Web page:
In Bram Stoker’s Gothic horror classic Dracula, the vampire’s greatest power is the ability to take the form of any natural phenomenon; as shapeshifter, Stoker writes, Count Dracula can “direct the elements; the storm, the fog, the thunder; he can command all the meaner things: the rat, and the owl, and the bat.” But whether the vampire can disguise himself in botanical form isn't clear. At the end of the novel, when the Count is vanquished, his human body instantly turns to dust–but what if, within that dust, were hidden a few tiny seeds?
With its blood-red folds of velvety Celosia, fringed tufts of crimson Dianthus, and jewel-like intricacy of Centaurea and Scabiosa, our Goth Garden Flower Mix
is a gothic revival in seed form. Indeed, it seems the undead Count is hiding in plain sight, his black satin cape and garnet brooch transformed into flowers. So, who better to help us tell this seed story than pop surrealist painter Megan Buccere? Buccere primarily works with oils and pastels to create images of a distinctly gothic vibe. Frequent motifs include bats, moths, snakes, plants, origami cranes, lovers’ eyes, and tangled string–all with an occult twist.
For Goth Garden, Megan created a circular painting of a garden at nighttime; dark plum, black, and burgundy blooms subtly glow under starlight and an adorable fruit bat hangs from a mossy branch. A tiny white skull oversees the nocturnal scene and bat silhouettes play along the edges.
In Megan's paintings, true-to-life renderings of natural elements sometimes have a floating quality, as if suspended in mid-air by magic, but her appreciation for nature is grounded in hands-on experience. “As a child I loved to explore outdoors, collect rocks, identify plants and birds, and learn about insects,” Megan says. “This love for nature has definitely crept into my work in many different ways over the years.”
Originally from Tennessee, Megan has lived in Louisiana for the last 25 years. For the past two decades she’s been teaching art to high school students. “I've been creating art since I can remember. It's a creative outlet that I have always needed in my life,” she says. By helping her students to develop a relationship to art, Megan is passing on her grandmother’s gift to her: “My grandmother put me in private art lessons from kindergarten through middle school,” she explains, “and those lessons gave me the tools to use this creative outlet to its fullest extent.”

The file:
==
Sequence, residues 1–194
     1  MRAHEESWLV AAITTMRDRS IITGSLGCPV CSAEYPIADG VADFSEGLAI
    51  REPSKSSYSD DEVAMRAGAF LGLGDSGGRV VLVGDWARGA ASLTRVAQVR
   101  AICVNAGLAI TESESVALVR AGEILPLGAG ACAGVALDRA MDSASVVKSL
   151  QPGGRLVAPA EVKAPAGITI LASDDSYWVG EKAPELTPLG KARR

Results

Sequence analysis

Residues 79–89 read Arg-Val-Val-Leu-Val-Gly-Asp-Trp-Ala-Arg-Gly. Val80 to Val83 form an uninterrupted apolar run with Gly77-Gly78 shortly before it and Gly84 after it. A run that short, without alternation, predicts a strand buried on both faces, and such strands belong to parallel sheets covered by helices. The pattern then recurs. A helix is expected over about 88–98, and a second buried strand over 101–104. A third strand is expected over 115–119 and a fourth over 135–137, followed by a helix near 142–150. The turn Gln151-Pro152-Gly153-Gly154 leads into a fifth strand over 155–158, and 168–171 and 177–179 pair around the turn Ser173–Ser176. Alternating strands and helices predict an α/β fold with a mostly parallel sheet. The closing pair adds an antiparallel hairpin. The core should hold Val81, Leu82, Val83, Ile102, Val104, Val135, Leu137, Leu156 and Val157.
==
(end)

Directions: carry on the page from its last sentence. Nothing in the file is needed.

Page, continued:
On her blog, Megan describes her art process as a way to disentangle anxiety, fear, and worry. Describing some of the recurring motifs in her work, Megan writes, “The soft pastels and small bits of dust-like metallic leaf drifting through some of the works represents the lifting of the anxiety and my emergence from its disorienting fog.” Flora and fauna feature prominently in Megan’s art, often surrounding female figures painted in silvery tones.
In these works, animals, insects, and plants resonate with powerful symbolism and sometimes they take center stage. For Goth Garden Flower Mix, she says, “My favorite aspect of this piece is how the flowers seem to be cradling the bat, nourishing his spirit.”
We love how dark flowers evoke shadowy realms where all the senses are heightened. "In a gothic garden," Megan says, “you would expect to see lush dark flowers and plants that convey a sense of mystery and sensuality.” Dark flowers invite closer inspection, putting color on equal footing with texture and silhouette. “Wandering through a gothic garden past dusk," she imagines "an experience where you are interacting with the night sky and all of the nocturnal fauna, such as bats, that are also part of that experience.”
For all its gothic undertones, there’s something distinctly comforting and cozy about Megan’s interpretation of this seed story. The symmetry and circularity of the composition evoke a feeling of safety and orderliness, a world in which death is integral, even essential to life—just as it is in any garden. How content our little bat seems to be, swaddled in this floral nighttime scene!
So, get in touch with the shadows–if you dare. Invite this elegant vampire over the threshold. But, to be on the safe side, grow some garlic chives